One of the world's largest buyers of Boeing jets is teaming up with Korean Air to add 30 787 Dreamliners to the Seoul-based carrier's fleet, the companies announced Tuesday during the second day of the Paris Air Show.
Korean Air said it plans to buy 10 787-10 models, the largest Dreamliner variant built exclusively at Boeing's North Charleston plant, and lease 10 more of the twin-aisle "Dash 10s" from Air Lease Corp.
The Asia-based carrier also will buy 10 mid-sized 787-9 models. At list prices, the 30-plane deal is valued at $6.3 billion.
Walter Cho, chairman of Korean Air, said the Dreamliners "will become the backbone of our long-haul fleet for many years to come."
Los Angeles-based Air Lease will have 61 Dreamliners in its fleet once the Korean Air deal and a separate order Tuesday for five 787-9s are finalized.
"Demand for reliable, versatile, and fuel-efficient airplanes is at an all-time high," said Steven Udvar-Házy, executive chairman of Air Lease.
The Dreamliner orders were the first for Boeing at this week's Paris Air Show. The company's executives said they want to focus less on orders and more on re-establishing trust in Boeing's planes this year following a pair of deadly 737 Max crashes that led to the ongoing grounding of that plane.
In a positive sign for the 737 Max program, International Airlines Group said on Tuesday that it plans to buy 200 of the single-aisle Max jets for its carriers that include British Airways and Iberia.
"We have every confidence in Boeing and expect that the aircraft will make a successful return to service in the coming months having received approval from the regulators," said Willie Walsh, IAG's chief executive.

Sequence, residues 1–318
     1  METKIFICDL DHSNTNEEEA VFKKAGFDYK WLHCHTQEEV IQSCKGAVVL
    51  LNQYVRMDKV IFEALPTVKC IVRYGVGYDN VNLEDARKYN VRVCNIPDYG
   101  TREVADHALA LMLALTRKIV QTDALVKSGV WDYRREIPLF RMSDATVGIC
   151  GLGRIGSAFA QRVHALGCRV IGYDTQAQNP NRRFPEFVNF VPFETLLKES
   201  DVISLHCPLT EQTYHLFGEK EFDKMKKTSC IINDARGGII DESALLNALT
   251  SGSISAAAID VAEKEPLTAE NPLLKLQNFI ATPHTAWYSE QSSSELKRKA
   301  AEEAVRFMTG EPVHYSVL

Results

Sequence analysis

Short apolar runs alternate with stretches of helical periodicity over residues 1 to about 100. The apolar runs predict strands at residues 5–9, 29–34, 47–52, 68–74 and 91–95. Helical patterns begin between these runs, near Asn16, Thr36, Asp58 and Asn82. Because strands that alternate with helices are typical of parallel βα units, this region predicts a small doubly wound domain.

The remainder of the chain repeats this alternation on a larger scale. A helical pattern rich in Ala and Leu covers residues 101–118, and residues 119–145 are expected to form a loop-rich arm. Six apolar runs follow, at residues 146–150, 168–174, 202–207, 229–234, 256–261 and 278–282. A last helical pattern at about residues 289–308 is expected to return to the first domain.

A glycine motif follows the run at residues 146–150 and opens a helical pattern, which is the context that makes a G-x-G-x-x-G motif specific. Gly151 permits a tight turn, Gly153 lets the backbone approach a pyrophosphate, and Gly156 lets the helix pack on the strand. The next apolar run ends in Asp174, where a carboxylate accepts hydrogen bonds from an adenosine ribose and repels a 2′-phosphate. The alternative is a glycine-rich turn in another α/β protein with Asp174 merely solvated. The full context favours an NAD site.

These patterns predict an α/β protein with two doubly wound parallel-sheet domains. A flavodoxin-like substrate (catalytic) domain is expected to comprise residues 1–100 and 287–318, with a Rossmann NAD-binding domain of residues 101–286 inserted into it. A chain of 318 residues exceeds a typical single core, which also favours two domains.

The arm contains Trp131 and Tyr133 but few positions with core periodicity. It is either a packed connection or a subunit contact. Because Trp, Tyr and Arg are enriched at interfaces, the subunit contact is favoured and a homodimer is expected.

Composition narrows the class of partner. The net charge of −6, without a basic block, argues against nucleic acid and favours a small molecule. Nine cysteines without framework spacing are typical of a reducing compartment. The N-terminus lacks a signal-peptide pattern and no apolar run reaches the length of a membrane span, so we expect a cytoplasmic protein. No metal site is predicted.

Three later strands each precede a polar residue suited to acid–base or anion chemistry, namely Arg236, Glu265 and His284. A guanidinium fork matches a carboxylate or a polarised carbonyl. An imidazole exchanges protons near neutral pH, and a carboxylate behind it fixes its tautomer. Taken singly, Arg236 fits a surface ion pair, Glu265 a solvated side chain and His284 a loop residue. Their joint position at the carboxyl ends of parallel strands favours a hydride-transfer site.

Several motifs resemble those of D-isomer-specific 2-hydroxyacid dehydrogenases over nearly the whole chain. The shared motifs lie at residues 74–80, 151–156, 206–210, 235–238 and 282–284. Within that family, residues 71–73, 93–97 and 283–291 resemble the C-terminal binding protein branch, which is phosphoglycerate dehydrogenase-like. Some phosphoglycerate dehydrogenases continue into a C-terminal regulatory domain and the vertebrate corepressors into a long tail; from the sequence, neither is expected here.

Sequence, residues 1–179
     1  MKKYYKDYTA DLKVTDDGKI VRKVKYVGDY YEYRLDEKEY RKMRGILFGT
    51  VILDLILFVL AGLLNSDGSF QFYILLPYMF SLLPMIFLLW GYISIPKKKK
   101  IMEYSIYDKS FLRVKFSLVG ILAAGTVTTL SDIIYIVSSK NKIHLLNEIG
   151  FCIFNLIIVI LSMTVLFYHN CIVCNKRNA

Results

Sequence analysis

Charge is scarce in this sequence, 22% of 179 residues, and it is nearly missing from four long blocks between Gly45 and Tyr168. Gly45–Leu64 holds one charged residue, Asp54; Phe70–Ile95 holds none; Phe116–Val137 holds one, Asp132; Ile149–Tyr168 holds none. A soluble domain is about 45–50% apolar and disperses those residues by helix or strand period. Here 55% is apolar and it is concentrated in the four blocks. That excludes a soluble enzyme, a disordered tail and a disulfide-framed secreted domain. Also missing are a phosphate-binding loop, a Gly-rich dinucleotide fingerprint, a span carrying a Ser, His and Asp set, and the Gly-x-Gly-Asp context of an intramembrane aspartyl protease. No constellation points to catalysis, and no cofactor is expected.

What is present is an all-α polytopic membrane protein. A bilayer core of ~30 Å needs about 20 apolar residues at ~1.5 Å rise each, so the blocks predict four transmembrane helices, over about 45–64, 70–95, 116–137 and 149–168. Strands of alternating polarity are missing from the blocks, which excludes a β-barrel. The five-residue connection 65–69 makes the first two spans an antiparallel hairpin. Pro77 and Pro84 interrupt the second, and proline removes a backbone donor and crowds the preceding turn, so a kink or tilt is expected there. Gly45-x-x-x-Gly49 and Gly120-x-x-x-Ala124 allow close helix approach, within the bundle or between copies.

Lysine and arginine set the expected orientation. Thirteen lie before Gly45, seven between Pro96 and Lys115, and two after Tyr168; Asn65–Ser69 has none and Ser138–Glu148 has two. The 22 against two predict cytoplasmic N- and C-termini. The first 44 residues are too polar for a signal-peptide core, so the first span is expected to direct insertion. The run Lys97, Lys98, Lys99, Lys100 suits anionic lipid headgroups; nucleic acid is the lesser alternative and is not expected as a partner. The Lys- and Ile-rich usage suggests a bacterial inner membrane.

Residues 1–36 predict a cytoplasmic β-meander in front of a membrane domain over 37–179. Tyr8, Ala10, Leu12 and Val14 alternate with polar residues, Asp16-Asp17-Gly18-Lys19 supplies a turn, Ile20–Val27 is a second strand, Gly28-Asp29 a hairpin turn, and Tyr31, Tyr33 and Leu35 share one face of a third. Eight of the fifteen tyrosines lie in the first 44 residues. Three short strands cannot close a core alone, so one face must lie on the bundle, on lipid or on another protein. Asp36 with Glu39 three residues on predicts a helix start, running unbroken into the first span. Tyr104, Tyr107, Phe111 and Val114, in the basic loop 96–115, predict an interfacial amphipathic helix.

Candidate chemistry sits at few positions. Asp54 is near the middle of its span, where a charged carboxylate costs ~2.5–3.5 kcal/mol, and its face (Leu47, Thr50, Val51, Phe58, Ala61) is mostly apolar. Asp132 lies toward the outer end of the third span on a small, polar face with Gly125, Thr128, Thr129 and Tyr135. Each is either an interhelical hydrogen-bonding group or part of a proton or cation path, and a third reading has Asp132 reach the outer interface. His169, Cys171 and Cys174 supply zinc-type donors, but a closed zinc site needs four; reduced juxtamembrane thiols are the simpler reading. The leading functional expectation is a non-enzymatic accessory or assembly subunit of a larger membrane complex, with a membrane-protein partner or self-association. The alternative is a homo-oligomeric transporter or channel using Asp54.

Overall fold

Aviation analyst Scott Hamilton called the IAG deal "a huge shot in the arm for Boeing," which hadn't booked an order in the two months between the Max grounding and the air show that started Monday. Deliveries of the IAG planes are scheduled to begin in 2022.
"With no end in sight to Max grounding and Boeing under siege by legal, Congressional, regulatory and criminal investigations, the (deal) couldn’t come at a better time," Hamilton said.
Boeing's slow start in Paris contrasts with French rival Airbus, which notched orders and options for 123 new planes on the show's first day. But Tuesday's Dreamliner orders broke the ice for the Chicago-based aerospace giant.
The Dreamliner has become the fastest-selling wide-body jet in history, with more than 1,400 sales since its introduction and a production backlog of more than 600 planes. Boeing builds the planes made of composite materials in North Charleston and at a second campus in Everett, Wash.
Boeing is one of the Charleston region's largest employers, with about 7,300 employees and contractors at the Dreamliner campus and other sites.